The Schaffers pointed out that the BJP's strong showing in state elections last month has 'intensified speculation that there might be a change in the central government following the national polls expected in mid-2014.'

While refusing to predict what the final outcome of the national election would be, the diplomats said, 'Many scenarios are still possible, and there are still some five long months to go before the voters make the decision. But it is worth looking more closely at what a Modi-led BJP government, if it does take office, might mean on the international scene.'

'The experience of the last two decades suggests that there is less difference than might be expected between Congress (party) and BJP-led coalitions,' they added, pointing out that 'both participated in the creation of India's post-Cold War international profile, including its much expanded ties with the United States.'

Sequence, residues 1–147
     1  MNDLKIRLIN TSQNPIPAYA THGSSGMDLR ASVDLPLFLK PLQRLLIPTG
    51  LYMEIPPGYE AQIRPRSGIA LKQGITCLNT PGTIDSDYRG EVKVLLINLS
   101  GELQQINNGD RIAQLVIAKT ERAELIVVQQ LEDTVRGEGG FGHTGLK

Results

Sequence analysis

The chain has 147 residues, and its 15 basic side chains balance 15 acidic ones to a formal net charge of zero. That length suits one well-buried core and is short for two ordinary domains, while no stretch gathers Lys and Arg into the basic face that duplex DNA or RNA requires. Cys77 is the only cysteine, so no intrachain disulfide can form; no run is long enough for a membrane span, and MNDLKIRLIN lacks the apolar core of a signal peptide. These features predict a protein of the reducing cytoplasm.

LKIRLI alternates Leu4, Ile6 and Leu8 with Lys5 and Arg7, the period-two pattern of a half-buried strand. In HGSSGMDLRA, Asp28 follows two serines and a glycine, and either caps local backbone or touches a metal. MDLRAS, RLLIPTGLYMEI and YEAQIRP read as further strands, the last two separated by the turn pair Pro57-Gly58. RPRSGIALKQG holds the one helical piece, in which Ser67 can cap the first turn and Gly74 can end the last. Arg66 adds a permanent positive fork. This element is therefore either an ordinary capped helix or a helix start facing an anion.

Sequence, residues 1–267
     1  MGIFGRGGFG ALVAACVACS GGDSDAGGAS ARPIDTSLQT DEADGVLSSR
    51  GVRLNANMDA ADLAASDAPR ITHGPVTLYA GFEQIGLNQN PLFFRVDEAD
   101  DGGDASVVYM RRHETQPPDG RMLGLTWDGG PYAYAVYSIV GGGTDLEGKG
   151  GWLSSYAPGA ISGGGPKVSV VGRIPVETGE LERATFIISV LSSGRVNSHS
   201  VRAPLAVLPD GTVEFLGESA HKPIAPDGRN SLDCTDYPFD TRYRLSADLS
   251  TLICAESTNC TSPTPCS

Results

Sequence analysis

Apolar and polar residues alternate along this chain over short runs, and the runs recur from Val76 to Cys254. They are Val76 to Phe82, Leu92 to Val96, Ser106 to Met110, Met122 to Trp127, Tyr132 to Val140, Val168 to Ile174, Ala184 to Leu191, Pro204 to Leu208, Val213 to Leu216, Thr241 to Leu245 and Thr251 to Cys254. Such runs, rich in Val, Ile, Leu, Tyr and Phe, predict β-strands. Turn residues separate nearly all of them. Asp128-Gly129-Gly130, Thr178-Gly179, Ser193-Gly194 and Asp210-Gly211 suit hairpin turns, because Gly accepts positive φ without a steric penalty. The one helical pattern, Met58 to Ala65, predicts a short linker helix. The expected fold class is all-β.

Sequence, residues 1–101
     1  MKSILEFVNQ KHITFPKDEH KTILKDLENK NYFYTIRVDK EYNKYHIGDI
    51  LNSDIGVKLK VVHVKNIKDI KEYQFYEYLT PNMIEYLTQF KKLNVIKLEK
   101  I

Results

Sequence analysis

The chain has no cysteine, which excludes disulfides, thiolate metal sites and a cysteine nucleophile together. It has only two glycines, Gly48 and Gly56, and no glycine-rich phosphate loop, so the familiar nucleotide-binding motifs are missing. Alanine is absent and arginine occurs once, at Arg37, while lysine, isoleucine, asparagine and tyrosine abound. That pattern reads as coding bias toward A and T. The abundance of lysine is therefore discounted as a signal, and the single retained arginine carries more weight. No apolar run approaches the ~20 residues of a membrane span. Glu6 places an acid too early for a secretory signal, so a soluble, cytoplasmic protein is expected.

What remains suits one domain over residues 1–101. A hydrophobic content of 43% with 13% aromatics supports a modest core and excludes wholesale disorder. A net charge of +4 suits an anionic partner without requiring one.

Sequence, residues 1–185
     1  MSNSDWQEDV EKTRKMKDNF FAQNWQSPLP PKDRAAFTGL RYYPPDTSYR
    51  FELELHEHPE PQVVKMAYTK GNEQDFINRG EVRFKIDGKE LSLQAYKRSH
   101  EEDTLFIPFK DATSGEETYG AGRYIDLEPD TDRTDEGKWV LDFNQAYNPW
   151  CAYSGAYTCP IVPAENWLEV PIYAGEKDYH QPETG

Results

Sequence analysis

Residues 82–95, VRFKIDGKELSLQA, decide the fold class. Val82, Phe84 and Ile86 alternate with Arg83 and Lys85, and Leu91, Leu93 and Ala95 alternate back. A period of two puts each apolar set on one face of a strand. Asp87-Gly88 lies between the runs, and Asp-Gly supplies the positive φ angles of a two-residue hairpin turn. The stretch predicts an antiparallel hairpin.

'In the two areas where there is a discernible party difference, the contrast has been muted,' the Schaffers observed. 'The BJP's Atal Bihari Vajpayee ordered the 1998 nuclear weapons test -- but the Congress government that followed him stoutly defended India's nuclear status.'

Speculating how a hypothetical Modi government could be different, the diplomats said, 'His foreign policy speech in Chennai October 18 provides a few clues. He certainly stands by the two issues that have distinguished BJP foreign policy in the past. He praised Vajpayee's decision to conduct an explicitly military nuclear test in 1998, but also lauded Vajpayee's public declaration of a policy of no first use of nuclear weapons, striking a "balance" between strength and peace.'